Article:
The Great Canadian Personal Data Grab Continues: Bell Expands Its Consumer Monitoring and Profiling
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Monday October 21, 2013
Last week, I wrote about the Great
Canadian personal data grab, focusing on the expansive data
collection habits of RBC (with its Android app) and Aeroplan (with
its collection of all credit card transaction data). Now comes news
that Bell is getting into the personal data grab game with an
Bell "privacy" policy expands the uses of the information the
company collects by focusing on ways to use data on network
usage. The current
policy makes no reference to network usage data, but the
company now wants to use a wide range of personal data collected
from Internet and mobile phone usage.
Bell identifies the following data for expanded usage:
Bell will also begin to use account data such as which products you use, device types, payment patterns, language preferences, gender, and age.
The scope of Bell's intended personal data usage is remarkable. Given that many of its customers will have bundled Internet, wireless, and television services, the company will be tracking everything: which websites they visit, what search terms they enter, what television shows they watch, what applications they use, and what phone calls they make. All of that data will be correlated with their location, age, gender, and more.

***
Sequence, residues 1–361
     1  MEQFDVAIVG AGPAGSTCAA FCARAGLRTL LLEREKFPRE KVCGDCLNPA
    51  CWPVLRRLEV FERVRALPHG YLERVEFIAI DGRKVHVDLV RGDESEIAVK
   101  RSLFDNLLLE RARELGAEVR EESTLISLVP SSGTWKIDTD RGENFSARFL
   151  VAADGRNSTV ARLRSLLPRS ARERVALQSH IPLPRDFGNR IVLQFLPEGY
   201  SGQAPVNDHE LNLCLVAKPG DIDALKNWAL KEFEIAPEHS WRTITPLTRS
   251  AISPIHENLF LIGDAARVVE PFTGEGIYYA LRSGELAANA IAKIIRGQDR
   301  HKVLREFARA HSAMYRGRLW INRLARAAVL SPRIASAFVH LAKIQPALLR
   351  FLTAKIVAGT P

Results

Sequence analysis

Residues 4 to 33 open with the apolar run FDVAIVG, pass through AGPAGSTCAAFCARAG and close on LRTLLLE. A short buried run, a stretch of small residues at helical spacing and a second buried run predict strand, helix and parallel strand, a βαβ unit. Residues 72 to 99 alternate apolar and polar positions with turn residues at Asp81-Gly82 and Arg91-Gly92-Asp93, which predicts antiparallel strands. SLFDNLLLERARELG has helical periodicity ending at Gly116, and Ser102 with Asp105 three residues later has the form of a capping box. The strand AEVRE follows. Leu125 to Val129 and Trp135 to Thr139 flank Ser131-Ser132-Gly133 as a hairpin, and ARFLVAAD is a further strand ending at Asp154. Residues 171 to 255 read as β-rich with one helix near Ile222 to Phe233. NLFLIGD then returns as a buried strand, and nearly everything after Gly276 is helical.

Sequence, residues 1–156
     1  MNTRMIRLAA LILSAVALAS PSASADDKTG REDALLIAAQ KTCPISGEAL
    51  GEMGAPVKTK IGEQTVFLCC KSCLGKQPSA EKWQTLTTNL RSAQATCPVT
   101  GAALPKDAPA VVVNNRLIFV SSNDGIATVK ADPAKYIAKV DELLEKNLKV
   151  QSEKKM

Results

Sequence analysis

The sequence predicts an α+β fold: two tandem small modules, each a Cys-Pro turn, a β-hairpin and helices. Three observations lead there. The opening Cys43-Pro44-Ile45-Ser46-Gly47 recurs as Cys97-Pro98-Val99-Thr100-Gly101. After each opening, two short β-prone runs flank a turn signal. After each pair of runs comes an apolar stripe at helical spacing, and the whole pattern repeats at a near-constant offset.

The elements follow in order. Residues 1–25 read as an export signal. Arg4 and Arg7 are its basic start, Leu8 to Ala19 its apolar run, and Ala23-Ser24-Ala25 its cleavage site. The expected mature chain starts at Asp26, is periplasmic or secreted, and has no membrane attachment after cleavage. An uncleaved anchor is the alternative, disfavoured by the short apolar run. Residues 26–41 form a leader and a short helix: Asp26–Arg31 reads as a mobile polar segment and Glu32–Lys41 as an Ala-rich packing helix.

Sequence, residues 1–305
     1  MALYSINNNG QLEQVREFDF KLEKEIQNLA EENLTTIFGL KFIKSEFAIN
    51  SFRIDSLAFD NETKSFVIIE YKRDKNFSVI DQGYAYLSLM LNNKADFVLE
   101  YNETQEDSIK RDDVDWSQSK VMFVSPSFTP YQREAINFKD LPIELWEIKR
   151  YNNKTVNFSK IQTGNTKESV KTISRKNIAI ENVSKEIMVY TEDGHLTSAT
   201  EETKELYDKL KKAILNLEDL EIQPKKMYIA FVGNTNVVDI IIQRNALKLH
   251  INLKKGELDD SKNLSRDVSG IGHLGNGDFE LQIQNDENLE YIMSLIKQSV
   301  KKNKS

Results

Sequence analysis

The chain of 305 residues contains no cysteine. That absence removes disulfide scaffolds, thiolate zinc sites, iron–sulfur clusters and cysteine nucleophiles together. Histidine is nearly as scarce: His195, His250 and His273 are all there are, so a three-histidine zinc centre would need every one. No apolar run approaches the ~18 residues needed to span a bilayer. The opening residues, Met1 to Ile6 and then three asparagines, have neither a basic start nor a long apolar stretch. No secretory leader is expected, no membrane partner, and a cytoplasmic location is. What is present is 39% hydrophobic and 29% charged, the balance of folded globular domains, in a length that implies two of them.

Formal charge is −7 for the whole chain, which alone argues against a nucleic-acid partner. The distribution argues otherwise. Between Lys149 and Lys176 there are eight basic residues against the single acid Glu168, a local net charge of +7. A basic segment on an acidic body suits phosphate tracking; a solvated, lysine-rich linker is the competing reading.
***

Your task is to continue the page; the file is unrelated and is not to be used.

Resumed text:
The aggressive Bell personal data grab places the spotlight on the privacy risks associated with massive, vertically integrated companies that can effortlessly track their customers' location, media habits, search activity, website interests, and application usage. For law enforcement, Bell is effectively offering one of the most detailed profiling services in Canada, which the company can disclose without a court order as part of an investigation under Canadian privacy law. For marketers, it is promising a glimpse at Canadian media and consumer habits that correlate across all platforms and activities.
This level of consumer monitoring, profiling, and targeting merits more than just notification on the Bell site and an opt-out option buried behind a link at the bottom of a webpage. Rather, at a bare minimum, the company should be using an opt-in system in which its customers can choose to be profiled if they wish. Moreover, the company should commit to requiring law enforcement to obtain a warrant before it discloses consumer profiles based on this monitoring activity.
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Monday October 21, 2013